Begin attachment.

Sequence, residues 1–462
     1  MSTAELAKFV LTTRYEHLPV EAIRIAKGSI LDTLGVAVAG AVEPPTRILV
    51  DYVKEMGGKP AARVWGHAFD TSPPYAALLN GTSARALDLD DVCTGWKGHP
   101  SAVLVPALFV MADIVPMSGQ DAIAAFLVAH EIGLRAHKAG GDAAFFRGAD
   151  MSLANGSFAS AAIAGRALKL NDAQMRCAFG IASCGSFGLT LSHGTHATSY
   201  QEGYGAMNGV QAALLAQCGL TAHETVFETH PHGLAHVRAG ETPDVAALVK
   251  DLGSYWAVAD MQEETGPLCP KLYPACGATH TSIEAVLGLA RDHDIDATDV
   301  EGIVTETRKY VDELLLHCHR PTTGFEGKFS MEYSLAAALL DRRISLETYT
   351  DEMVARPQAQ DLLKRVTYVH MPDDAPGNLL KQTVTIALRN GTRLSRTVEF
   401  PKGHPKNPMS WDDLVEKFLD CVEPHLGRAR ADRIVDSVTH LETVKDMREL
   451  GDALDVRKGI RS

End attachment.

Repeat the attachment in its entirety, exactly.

Sequence, residues 1–462
     1  MSTAELAKFV LTTRYEHLPV EAIRIAKGSI LDTLGVAVAG AVEPPTRILV
    51  DYVKEMGGKP AARVWGHAFD TSPPYAALLN GTSARALDLD DVCTGWKGHP
   101  SAVLVPALFV MADIVPMSGQ DAIAAFLVAH EIGLRAHKAG GDAAFFRGAD
   151  MSLANGSFAS AAIAGRALKL NDAQMRCAFG IASCGSFGLT LSHGTHATSY
   201  QEGYGAMNGV QAALLAQCGL TAHETVFETH PHGLAHVRAG ETPDVAALVK
   251  DLGSYWAVAD MQEETGPLCP KLYPACGATH TSIEAVLGLA RDHDIDATDV
   301  EGIVTETRKY VDELLLHCHR PTTGFEGKFS MEYSLAAALL DRRISLETYT
   351  DEMVARPQAQ DLLKRVTYVH MPDDAPGNLL KQTVTIALRN GTRLSRTVEF
   401  PKGHPKNPMS WDDLVEKFLD CVEPHLGRAR ADRIVDSVTH LETVKDMREL
   451  GDALDVRKGI RS